News and Articles

Legal Update - March 2018 Newsletter

Yogi Patel - Thursday, March 01, 2018

Dear valued clients and supporters: This month's newsletter will cover 1) Updates to the New York Earned Sick Time Act and 2) A recent Court of Appeals decision on Facebook privacy in the context of litigation.

New York Earned Sick Time Act

Effective May 5, 2018, employees will be entitled to use their paid time off already guaranteed under the current New York Earned Sick Time Act ("NYESTA") when they or a family member is the victim of a family offense, sexual offense, stalking, or human trafficking. The amendments to the NYESTA does not award additional time off - it only expands the reasons for which it can be used. These new entitlements, called "Safe time," include taking time off to obtain services from a domestic violence shelter, rape crisis center, or other shelter service; to participate in safety planning, relocation, or other actions required to ensure the safety of the victim; to meet with an attorney in connection with a family offense, sexual offense, stalking, or human trafficking; to file a complaint with law enforcement; to enroll children in a new school; or to take other actions that may be necessary to address the physical, psychological, or economic health or safety of the employee or family member. Additionally, the definition of "Family Member" will also be expanded to include any individual related by blood and any individual whose close association with the employee is the equivalent of a family relationship. Finally, the short name of the law will be updated to the "Earned Safe and Sick Time Act." Overall, these changes affect nearly all employees in New York City and employers will need to incorporate them into their current policies and procedures.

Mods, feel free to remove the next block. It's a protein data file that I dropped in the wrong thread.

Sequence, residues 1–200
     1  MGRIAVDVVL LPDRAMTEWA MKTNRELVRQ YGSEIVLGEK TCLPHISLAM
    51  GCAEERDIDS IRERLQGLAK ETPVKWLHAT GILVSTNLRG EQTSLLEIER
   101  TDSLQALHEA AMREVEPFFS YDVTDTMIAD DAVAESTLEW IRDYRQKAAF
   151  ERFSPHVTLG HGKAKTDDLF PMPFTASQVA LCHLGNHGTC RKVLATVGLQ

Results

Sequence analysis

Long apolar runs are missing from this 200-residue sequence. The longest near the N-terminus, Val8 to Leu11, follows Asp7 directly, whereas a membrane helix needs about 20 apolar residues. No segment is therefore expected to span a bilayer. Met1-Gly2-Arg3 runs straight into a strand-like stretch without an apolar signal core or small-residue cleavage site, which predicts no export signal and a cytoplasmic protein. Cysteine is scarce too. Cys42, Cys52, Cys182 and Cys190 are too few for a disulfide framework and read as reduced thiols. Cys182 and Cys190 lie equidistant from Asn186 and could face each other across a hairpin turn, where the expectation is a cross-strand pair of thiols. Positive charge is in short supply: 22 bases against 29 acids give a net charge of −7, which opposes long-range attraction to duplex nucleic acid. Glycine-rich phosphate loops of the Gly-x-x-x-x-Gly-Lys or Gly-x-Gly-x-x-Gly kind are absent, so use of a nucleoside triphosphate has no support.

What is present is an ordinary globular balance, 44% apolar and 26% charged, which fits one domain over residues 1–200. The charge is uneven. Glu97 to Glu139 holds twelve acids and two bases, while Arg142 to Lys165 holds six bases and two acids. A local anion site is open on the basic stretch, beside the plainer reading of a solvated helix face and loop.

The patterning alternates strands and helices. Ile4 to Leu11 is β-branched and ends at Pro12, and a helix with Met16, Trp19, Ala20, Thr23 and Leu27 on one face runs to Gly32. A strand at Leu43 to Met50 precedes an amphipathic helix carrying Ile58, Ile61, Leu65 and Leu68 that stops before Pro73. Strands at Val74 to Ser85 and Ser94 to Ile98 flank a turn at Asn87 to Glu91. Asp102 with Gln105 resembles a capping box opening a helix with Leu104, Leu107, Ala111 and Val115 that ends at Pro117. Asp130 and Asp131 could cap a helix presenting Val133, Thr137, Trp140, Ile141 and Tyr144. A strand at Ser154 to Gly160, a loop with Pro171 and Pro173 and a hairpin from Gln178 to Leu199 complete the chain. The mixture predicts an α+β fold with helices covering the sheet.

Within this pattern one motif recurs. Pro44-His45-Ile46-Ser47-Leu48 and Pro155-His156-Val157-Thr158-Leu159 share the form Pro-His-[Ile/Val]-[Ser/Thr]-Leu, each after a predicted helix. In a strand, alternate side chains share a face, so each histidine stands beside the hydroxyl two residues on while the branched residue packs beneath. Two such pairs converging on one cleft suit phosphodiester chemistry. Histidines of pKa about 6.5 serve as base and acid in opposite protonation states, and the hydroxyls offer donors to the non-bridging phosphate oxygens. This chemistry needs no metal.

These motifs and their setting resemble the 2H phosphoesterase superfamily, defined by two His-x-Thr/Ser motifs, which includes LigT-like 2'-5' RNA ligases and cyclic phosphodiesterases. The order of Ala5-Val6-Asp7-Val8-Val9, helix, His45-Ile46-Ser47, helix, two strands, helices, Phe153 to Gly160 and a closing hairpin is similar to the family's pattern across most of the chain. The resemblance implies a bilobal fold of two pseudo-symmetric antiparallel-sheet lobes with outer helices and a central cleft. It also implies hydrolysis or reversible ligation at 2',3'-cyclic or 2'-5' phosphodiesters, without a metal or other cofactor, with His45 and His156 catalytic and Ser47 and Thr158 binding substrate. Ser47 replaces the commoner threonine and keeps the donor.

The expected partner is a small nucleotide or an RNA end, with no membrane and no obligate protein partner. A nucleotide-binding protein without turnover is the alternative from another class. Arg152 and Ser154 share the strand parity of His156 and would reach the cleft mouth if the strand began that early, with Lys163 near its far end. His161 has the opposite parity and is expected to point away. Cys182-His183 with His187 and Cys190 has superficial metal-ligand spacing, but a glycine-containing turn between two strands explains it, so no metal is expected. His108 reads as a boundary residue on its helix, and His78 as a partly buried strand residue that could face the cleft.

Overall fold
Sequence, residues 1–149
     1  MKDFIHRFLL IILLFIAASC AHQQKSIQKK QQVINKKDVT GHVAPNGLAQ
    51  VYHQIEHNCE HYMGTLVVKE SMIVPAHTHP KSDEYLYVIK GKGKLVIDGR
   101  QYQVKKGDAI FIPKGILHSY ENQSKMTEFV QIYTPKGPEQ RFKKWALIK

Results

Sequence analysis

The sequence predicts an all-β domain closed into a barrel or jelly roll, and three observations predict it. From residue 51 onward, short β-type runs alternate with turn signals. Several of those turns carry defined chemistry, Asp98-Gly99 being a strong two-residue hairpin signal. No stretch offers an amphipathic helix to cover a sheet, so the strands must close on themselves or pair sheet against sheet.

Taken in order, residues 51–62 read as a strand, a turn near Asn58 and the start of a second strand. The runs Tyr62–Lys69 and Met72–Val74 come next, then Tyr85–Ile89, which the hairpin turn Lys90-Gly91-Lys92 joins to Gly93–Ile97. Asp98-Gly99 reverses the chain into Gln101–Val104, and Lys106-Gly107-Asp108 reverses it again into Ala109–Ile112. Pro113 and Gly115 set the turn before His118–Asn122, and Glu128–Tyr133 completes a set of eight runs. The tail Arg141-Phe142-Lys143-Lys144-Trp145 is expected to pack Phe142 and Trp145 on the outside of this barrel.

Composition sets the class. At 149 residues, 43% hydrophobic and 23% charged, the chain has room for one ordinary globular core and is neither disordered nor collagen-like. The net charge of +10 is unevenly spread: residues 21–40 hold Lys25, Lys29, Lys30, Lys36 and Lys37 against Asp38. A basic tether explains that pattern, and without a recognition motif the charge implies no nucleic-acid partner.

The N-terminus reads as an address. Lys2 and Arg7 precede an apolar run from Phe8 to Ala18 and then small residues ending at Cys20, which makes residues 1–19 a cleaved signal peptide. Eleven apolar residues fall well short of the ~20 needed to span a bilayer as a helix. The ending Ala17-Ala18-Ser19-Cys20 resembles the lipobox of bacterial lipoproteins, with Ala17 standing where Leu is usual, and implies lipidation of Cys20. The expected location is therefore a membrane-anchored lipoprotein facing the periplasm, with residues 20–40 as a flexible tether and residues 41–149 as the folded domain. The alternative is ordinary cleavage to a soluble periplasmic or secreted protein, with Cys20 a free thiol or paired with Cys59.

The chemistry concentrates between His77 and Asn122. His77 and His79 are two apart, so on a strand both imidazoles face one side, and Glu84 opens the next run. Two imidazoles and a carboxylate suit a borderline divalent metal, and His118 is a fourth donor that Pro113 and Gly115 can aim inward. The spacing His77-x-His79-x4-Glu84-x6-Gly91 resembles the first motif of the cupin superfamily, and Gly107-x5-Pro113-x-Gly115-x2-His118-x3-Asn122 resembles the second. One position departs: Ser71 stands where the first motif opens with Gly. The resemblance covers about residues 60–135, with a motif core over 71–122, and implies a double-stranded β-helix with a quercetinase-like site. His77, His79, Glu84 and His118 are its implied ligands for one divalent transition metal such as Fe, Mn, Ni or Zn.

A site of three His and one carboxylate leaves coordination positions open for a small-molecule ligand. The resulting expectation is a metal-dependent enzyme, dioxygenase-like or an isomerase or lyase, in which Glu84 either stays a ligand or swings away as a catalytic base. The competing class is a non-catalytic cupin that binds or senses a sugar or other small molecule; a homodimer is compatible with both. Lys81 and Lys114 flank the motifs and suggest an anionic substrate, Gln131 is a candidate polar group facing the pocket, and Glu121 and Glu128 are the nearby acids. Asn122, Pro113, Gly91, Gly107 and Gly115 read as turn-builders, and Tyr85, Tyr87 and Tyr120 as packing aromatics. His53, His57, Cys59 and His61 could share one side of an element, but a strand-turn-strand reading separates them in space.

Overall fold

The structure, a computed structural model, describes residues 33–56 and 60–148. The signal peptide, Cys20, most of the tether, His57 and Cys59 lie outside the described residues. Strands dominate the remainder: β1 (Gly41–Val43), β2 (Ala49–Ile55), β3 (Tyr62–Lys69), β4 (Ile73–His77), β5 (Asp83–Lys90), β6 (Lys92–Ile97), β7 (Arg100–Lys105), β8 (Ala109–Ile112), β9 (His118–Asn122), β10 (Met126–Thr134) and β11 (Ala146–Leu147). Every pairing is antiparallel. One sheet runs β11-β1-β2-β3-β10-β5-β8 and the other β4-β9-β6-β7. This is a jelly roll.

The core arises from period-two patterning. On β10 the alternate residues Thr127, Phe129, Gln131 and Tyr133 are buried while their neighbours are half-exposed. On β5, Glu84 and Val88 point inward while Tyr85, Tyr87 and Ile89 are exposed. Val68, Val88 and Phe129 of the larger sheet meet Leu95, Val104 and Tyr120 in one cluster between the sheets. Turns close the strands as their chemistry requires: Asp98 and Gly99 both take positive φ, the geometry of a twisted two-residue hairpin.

Facebook Privacy and Litigation

The New York Court of Appeals recently addressed the issue of how much of an individual's Facebook page must be shared with the opposing party in a lawsuit. In Forman v. Henkin, the plaintiff brought a personal injury suit when she suffered serious injuries after falling off a horse owned by the defendant. The plaintiff claimed that her injuries greatly impacted her daily life, which she used to document regularly on her Facebook page, but not longer could because of her injuries. During discovery, the defendant demanded access to the plaintiff's Facebook account, alleging that it would contain pictures and other information relevant to the plaintiff's claims. The plaintiff argued that her account was private and should not be discoverable. New York's highest court in this decision held that courts should require the disclosure of information that is likely to be found on a particular Facebook page that is material and relevant to the claims and injuries at issue in a given case. The Court expressly found that the privacy settings of a Facebook page do not impact this analysis because otherwise an individual could simply set her page to private to avoid discovery. Ultimately, the Court essentially applied traditional principles of discovery in holding that courts should balance requiring the disclosure of that which is necessary with preventing the disclosure of non-relevant materials.

In sum, Facebook users should be warned that regardless of their privacy settings, pictures and other information contained on their pages is discoverable if it is material and necessary to a lawsuit.